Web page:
abstract = "The importance of AMP-activated protein kinase (AMPK) and protein kinase C (PKC) as effectors of metformin (Met) action on glucose uptake (GU) in skeletal muscle cells was investigated. GUin L6 myotubes was stimulated 2-fold following 16 h of Met treatment and acutely enhanced by insulin in an additive fashion. Insulin-stimulatedGUwas sensitive to PI3K inhibition, whereas that induced by Met was not. Met and its related biguanide, phenformin, stimulated AMPK activation/phosphorylation to a level comparable with that induced by the AMPK activator, 5-amino-1-{\ss}-D-ribofuranosyl-imidazole-4-carboxamide (AICAR). However, the increase in GU elicited by AICAR was significantly lower than that induced by either biguanide. Expression of a constitutively active AMPK mimicked the effects of AICAR on GU, whereas a dominant interferingAMPK or shRNA silencing of AMPK prevented AICAR-stimulated GU and Met-induced AMPK signaling but only repressed biguanide- stimulated GU by ~20{\%}. Consistent with this, analysis of GU in muscle cells from a1 /a2 AMPK-deficient mice revealed a significant retention of Met-stimulated GU, being reduced by ~35{\%} compared with that of wild type cells. Atypical PKCs (aPKCs) have been implicated in Met-stimulated GU, and in line with this, Met and phenformin induced activation/phosphorylation of aPKC in L6 myotubes. However, although cellular depletion of aPKC (>90{\%}) led to loss in biguanide-induced aPKC phosphorylation, it had no effect on Met-stimulated GU, whereas inhibitors targeting novel/conventional PKCs caused a significant reduction in biguanide-induced GU. Our findings indicate that although Met activates AMPK, a significant component of Met-stimulated GU in muscle cells is mediated via an AMPK-independent mechanism that involves novel/conventional PKCs.",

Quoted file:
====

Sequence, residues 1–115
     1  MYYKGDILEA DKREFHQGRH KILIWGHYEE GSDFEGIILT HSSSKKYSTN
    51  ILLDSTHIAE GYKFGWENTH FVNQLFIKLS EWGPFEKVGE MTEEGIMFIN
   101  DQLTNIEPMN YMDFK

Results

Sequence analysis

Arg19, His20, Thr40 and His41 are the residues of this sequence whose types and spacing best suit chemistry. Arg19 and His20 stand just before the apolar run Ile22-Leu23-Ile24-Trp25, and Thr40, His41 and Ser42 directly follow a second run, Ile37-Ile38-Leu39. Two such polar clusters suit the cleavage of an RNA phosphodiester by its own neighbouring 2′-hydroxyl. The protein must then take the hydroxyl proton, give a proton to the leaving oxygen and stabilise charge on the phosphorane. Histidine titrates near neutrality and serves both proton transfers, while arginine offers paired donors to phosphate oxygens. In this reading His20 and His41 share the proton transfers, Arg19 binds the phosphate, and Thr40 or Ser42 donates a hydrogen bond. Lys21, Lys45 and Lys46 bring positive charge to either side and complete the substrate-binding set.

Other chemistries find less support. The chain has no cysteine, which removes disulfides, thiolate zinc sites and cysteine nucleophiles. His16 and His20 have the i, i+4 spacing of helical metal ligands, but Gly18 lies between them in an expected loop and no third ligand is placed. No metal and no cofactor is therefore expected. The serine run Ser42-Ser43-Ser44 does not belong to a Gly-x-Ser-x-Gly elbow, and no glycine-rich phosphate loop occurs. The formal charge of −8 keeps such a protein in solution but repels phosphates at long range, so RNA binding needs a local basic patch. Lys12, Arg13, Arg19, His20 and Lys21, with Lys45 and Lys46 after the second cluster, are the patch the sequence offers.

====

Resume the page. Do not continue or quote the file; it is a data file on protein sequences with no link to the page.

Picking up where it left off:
author = "Sophie Turban and Clare Stretton and Olivier Drouin and Green, {Charlotte J.} and Watson, {Maria L.} and Alexander Gray and Fiona Ross and Louise Lantier and Benoit Viollet and D.Grahame Hardie and Andre Marette and Hundal, {Harinder S.}",
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    Defining the contribution of AMP-activated protein kinase (AMPK) and protein kinase C (PKC) in regulation of glucose uptake by metformin in skeletal muscle cells. / Turban, Sophie; Stretton, Clare; Drouin, Olivier; Green, Charlotte J.; Watson, Maria L.; Gray, Alexander; Ross, Fiona; Lantier, Louise; Viollet, Benoit; Hardie, D.Grahame; Marette, Andre; Hundal, Harinder S. (Lead / Corresponding author).

    In: Journal of Biological Chemistry, Vol. 287, No. 24, 08.06.2012, p. 20088-20099.

    Research output: Contribution to journalArticle

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    T1 - Defining the contribution of AMP-activated protein kinase (AMPK) and protein kinase C (PKC) in regulation of glucose uptake by metformin in skeletal muscle cells

    AU - Turban, Sophie

    AU - Stretton, Clare

    AU - Drouin, Olivier

    AU - Green, Charlotte J.

    AU - Watson, Maria L.

    AU - Gray, Alexander

    AU - Ross, Fiona

    AU - Lantier, Louise

    AU - Viollet, Benoit

    AU - Hardie, D.Grahame

    AU - Marette, Andre

    AU - Hundal, Harinder S.

    N1 - Copyright 2012 Elsevier B.V., All rights reserved.

    PY - 2012/6/8

    Y1 - 2012/6/8